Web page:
United States v. Moon Lake ElectricAssociation, Inc. (cont.)• Moon Lake argued that the MBTA and BGEPA prohibits only“intentionally harmful “ acts such as hunting, poaching, andtrapping.• The court found that the MBTA and BGEPA prohibits conductbeyond that normally exhibited by hunters and poachers, and thecourt did not interpret the MBTA and BGEPA as being limited toacts committed with specific motives. Therefore, the motion todismiss the charges was denied.• Moon Lake subsequently pleaded guilty to multiple misdemeanorviolations and paid $100,000.00 in fines and restitution and enteredinto a 3-year MOU during which it had to retrofit its powerequipment.

United States v. Apollo Energies, Inc.• Apollo Energies owned numerous heater treaters as part of their oilproduction operations. The heater treaters possessed openingswhich allowed the entry of migratory birds, though escape from theheater treaters was difficult.• The USFWS inspected over a dozen heater treaters belonging toApollo Energies and recovered over 300 bird carcasses. Ten of thecarcasses were identified as being protected by the MBTA.• Based on the aforementioned findings, the USFWS initiated a publiceducation campaign to alert the oil industry of the threat posed byheater treaters. This included Apollo Energies.• In 2007, the USFWS again inspected Apollo Energies heater treatersand discovered 1 northern flicker carcass. Apollo Energies wasconvicted of one violation of the MBTA.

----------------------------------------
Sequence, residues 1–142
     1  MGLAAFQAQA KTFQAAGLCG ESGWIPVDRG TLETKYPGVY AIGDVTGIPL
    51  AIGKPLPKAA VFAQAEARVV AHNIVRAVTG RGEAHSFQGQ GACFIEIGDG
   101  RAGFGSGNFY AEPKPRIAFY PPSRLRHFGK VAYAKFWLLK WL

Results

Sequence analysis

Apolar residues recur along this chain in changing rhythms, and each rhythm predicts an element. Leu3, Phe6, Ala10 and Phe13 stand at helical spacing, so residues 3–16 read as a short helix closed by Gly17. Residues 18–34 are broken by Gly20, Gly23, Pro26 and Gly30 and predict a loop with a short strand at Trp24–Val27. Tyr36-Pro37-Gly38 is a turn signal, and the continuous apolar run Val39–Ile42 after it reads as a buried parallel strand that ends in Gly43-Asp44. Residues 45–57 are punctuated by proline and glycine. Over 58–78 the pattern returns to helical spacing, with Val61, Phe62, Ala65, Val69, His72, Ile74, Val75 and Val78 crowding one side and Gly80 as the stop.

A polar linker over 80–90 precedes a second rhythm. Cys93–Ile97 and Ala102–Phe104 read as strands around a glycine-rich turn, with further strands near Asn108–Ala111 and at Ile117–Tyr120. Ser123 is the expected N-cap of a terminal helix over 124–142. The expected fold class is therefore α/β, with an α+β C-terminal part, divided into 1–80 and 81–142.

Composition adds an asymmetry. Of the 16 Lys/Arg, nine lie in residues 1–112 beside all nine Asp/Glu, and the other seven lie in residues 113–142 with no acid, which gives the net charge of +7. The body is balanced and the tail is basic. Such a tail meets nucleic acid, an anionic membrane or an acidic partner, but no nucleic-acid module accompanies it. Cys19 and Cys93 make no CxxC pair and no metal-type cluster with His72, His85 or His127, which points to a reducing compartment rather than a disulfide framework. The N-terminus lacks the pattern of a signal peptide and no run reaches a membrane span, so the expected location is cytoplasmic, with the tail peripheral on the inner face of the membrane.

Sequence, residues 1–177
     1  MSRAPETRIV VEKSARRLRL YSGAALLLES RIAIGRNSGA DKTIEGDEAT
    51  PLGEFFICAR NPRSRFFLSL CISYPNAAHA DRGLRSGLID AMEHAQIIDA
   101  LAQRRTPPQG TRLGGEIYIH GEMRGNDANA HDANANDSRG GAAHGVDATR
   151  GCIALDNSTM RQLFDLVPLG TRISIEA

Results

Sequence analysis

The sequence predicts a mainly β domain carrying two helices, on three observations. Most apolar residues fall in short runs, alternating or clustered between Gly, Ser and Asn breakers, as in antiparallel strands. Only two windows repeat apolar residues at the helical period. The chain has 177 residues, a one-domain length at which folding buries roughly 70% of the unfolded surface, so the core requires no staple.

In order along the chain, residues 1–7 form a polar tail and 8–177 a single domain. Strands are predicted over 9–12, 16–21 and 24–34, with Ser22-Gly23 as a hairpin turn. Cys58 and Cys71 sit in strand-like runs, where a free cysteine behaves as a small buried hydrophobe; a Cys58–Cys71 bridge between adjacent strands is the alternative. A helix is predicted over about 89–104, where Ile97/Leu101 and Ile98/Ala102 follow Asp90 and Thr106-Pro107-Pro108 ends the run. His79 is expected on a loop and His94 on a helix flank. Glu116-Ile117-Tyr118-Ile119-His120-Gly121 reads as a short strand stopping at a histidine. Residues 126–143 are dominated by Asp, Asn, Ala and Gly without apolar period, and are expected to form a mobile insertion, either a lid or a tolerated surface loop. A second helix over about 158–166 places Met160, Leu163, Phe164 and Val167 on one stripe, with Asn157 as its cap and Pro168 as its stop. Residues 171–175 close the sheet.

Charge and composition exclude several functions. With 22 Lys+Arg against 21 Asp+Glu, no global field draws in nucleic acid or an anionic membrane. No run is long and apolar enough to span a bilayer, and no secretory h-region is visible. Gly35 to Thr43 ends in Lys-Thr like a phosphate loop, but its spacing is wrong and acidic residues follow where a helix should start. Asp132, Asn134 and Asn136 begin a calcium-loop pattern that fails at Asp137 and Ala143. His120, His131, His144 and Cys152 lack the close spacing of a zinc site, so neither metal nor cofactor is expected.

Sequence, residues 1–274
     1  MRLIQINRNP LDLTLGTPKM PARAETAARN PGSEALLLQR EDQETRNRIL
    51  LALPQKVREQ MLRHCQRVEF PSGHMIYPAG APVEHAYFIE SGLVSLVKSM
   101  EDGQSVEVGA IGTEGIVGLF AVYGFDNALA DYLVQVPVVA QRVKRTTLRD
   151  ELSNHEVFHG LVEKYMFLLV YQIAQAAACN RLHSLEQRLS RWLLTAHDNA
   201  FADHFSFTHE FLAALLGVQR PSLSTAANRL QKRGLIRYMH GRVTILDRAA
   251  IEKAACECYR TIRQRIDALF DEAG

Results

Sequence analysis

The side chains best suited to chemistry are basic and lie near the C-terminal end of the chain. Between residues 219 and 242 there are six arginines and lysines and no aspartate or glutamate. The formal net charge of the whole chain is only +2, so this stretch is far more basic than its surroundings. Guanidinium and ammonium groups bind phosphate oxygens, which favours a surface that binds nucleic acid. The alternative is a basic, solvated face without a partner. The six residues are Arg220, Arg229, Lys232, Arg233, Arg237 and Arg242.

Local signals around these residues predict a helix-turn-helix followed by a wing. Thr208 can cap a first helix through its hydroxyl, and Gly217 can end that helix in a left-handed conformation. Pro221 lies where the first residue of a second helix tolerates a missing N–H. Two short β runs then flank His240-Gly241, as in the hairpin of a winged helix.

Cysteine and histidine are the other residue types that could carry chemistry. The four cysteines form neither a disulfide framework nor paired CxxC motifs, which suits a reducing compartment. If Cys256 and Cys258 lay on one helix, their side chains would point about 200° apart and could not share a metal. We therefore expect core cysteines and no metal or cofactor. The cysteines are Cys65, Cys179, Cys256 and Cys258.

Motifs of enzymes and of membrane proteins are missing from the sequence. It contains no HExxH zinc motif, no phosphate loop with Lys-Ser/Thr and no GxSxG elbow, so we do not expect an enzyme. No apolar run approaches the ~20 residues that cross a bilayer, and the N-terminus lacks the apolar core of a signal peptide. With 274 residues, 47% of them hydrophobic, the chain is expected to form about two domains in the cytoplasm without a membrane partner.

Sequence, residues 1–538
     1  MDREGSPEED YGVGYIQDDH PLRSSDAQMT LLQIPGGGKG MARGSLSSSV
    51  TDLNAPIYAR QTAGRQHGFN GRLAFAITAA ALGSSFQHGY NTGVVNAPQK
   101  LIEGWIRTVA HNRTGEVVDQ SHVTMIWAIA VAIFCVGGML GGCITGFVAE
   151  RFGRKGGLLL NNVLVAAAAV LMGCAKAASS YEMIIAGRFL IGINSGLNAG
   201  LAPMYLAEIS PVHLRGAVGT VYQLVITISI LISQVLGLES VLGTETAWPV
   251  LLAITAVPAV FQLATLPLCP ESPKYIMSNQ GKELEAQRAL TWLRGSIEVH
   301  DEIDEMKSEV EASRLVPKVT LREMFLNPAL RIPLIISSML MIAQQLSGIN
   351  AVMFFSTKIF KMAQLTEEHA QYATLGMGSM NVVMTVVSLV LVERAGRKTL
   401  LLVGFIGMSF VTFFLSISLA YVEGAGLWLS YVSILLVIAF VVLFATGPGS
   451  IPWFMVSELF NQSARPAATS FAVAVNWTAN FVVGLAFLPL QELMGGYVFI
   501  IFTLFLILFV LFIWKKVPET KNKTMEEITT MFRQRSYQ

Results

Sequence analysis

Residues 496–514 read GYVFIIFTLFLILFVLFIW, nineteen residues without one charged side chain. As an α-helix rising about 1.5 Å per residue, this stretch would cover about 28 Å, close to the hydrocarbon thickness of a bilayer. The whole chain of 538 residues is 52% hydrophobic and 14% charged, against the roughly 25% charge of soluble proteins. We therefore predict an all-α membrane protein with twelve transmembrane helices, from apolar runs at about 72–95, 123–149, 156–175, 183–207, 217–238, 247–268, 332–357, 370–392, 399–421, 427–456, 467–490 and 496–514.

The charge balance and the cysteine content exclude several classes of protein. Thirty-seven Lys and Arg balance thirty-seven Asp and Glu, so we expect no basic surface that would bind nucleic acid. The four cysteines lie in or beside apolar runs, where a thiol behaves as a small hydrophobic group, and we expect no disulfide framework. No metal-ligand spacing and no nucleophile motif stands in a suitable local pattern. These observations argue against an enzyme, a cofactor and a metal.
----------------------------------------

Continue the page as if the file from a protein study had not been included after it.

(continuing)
United States v. Apollo Energies, Inc.(cont.)• Apollo Energies appealed to the 10 th Circuit Courts, stating that ifthe MBTA was a strict liability crime, then the MBTA isunconstitutional as applied to their conduct.• The Circuit Court upheld the conviction and stated “we conclude thedistrict court correctly held that violations of the MBTA are strictliability crimes. But we hold that a strict liability interpretation ofthe MBTA for the conduct charged here satisfies due process only ifdefendants proximately caused the harm to protected birds”.• The 10th Circuit Court of Appeals has reaffirmed a key provision ofthe Migratory Bird Treaty Act (MBTA)– that persons violating theMBTA do not need to intentionally kill birds to be found guilty.

Not all birds receive protection from the MigratoryBird Treaty Act